Title: Ken’s Thought of the Week: The U.S. “Peace to Prosperity Plan” is premature
The Trump Administration rolled out a new fresh and bold Middle East vision at its big regional conference in Bahrain, entitled the “Peace to Prosperity” plan.
The plan, which is estimated to cost $50 billion, is logical and rational, with numerous good economic, educational, healthcare, and governance ideas, designed for a perfect world.
According to this plan, which is being publicly spearheaded by Trump son-in-law and special adviser Jared Kushner, approximately half of the $50 billion would go to the Arabs in Judea-Samaria (the “West Bank”) and Gaza, while the other half would be invested in Jordan, Egypt, Lebanon, and Gaza. Because the political aspects are inter-related but controversial, they will be discussed within several months. Here is Kushner’s full address in Bahrain describing the plan:
And here is Kushner’s interview, after the conference, with Reuters:
With a proposal to invest about $50 billion in the Middle East, Jared Kushner tells @ Reuters that if the 10-year plan is implemented correctly, it will reduce poverty and unemployment rates significantly https://t.co/VZeVNrVdl9 pic.twitter.com/J9GkTBPl6x
— Reuters Top News (@Reuters) June 22, 2019
In response to the Palestinians’ refusal to even attend the Bahrain conference, Kushner clearly articulated his and President Trump’s grave disappointment, and encouraged them to rethink their stance:
“The door is always open for the Palestinian leadership. If they stop saying crazy things and engage, they will see there is an opportunity here. We respect President Abbas and we believe he wants to make peace, and we want to give him the opportunity to try and do it.”
Unfortunately, there are numerous downsides to the plan, in spite of the potential funding and good intentions:
(1) Gaza and the Palestinian Authority (PA) governments are totally separate mini-enclaves. Gaza is governed by the religious terror organization Hamas, and about 40% of the West Bank by the PA, a more secular quasi- national terror organization (note: PA president Abbas recently admitted, on record, that all anti-Israel terrorism is sponsored and funded by the PA).
(2) The enemy states surrounding Israel are determined to upset and interfere in either this new economic plan, or in future political plans.
(3) Nations in the region that are declared or de facto enemies of America will do their best to thwart plans for reconciliation between Israel and its neighbors. And no amount of money thrown at this problem will have a chance of achieving peace, until that problem is openly addressed, acknowledged, and resolved.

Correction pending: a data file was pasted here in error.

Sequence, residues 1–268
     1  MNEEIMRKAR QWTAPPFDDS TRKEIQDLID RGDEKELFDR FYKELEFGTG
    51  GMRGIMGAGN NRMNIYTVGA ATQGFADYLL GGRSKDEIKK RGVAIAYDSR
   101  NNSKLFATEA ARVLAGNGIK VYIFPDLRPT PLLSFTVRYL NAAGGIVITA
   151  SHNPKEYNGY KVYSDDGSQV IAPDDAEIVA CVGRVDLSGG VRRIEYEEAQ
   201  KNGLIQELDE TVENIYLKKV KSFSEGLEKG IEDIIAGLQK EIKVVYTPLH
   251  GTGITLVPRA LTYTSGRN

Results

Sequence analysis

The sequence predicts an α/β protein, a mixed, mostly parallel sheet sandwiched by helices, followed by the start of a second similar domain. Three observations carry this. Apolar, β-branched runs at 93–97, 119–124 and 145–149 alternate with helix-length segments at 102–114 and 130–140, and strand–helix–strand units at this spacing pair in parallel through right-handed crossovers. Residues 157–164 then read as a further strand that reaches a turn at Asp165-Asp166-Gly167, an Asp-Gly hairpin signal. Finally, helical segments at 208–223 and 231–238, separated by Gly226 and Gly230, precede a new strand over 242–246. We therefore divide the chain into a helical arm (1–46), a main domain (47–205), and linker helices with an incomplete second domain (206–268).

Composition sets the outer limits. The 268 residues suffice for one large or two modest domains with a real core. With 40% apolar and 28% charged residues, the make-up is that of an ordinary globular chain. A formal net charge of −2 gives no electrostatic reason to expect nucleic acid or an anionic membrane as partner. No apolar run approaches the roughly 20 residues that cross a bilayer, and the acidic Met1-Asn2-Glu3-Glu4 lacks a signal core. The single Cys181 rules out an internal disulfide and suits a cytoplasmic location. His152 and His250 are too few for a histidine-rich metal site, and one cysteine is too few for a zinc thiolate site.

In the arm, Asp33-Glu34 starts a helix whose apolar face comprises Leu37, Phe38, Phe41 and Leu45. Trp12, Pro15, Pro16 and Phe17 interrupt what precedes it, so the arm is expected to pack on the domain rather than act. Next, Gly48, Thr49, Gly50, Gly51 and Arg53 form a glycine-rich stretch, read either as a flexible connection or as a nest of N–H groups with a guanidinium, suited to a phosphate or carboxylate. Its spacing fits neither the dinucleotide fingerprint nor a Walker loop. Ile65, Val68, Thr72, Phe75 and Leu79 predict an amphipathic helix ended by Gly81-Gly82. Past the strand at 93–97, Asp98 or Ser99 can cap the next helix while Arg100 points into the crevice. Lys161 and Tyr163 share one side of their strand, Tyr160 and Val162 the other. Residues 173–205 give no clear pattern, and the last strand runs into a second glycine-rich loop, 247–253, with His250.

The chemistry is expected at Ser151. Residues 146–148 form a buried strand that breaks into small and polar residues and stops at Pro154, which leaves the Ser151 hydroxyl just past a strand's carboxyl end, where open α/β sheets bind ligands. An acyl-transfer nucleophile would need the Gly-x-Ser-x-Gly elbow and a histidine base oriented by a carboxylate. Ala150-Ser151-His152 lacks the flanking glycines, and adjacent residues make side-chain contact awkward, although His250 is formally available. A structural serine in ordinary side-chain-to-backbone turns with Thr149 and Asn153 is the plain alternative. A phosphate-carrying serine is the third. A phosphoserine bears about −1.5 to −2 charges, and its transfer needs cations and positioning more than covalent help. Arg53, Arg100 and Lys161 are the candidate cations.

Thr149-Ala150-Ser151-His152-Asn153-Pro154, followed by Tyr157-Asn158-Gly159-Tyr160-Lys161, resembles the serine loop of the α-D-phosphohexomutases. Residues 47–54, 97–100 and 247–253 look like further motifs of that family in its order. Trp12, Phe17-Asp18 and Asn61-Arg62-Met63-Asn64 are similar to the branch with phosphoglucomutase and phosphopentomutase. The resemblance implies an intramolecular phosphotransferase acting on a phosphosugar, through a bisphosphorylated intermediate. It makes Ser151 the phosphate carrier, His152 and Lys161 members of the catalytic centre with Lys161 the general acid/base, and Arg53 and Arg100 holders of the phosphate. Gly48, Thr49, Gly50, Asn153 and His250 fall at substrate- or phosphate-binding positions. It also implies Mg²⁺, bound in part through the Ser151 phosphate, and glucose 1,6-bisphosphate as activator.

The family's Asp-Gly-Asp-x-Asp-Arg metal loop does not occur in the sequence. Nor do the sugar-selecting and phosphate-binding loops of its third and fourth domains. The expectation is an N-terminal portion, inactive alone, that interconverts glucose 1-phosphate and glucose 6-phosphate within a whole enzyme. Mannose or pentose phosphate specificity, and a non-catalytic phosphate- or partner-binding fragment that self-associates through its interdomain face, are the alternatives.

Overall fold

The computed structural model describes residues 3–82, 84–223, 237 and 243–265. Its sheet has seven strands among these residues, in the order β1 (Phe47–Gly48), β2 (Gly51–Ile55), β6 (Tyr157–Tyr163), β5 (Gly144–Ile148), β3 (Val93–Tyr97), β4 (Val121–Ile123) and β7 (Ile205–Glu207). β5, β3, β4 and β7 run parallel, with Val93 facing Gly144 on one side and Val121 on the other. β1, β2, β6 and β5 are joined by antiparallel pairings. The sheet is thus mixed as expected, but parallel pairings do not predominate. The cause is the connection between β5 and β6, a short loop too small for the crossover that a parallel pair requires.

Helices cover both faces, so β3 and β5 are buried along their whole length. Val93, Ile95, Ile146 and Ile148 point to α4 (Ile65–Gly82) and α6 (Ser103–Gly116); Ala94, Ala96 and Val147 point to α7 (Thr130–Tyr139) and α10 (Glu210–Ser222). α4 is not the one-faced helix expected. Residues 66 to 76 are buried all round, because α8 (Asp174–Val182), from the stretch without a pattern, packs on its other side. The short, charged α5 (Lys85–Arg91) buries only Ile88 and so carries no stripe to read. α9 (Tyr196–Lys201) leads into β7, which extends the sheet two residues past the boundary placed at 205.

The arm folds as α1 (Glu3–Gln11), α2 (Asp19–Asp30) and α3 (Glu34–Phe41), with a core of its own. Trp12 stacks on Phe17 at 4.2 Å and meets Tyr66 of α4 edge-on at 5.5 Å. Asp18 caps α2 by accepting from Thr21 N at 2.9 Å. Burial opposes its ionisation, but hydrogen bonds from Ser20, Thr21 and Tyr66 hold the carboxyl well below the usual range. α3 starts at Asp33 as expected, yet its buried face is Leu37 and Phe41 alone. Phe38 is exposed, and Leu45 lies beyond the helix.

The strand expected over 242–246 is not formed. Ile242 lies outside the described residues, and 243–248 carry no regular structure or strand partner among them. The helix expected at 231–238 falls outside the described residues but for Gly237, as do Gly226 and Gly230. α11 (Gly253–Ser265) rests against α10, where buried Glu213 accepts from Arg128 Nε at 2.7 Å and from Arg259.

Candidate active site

The Trump Administration is essentially offering a type of Marshall Plan for the Middle East. For those who are unfamiliar with it, the U.S. helped to rebuild the nations that declared war on it, Germany and Japan, only after they had been defeated in World War II, unconditionally surrendered, in writing, and their war-making ability had been utterly destroyed.
In the Middle East, however, a plan such as that which the Trump administration now proposes could conceivably have a chance of working only after the belligerent actors in the region — primarily the PA, the Muslim Brotherhood, and the mullahs in Iran — either declare, and prove, that they will stop waging war against peace, or are rendered incapable of continuing to wage this war. (For those who don’t know the Muslim Brotherhood, founded in 1928, is the parent organization that spawned every major Islamist terror group, including ISIS, Al Qaeda, Hamas, Hezbollah, Islamic Jihad and Fatah, among many others. It is so subversive and violent that it’s been outlawed in Saudi Arabia and the United Arab Emirates. Learn more here; an introductory video is below.)
All people of good will hope they choose the former option. But with Iran on the cusp of getting the nuclear weapons that it claims it will use to destroy both Israel (“The Little Satan”) and the U.S. (“The Great Satan”), and its and the MB’s worldwide terrorist footprint growing by the day, the time is running down, before the U.S. and its allies will be left with fewer and fewer options to achieve a peaceful resolution to the Middle East conflicts, and the threat it poses to the civilized world.
This approach may not prove popular in the highbrow salons of Europe or Washington, DC, but this is the only practical way forward, that has a chance of leading to actual, sustainable peace in the Middle East.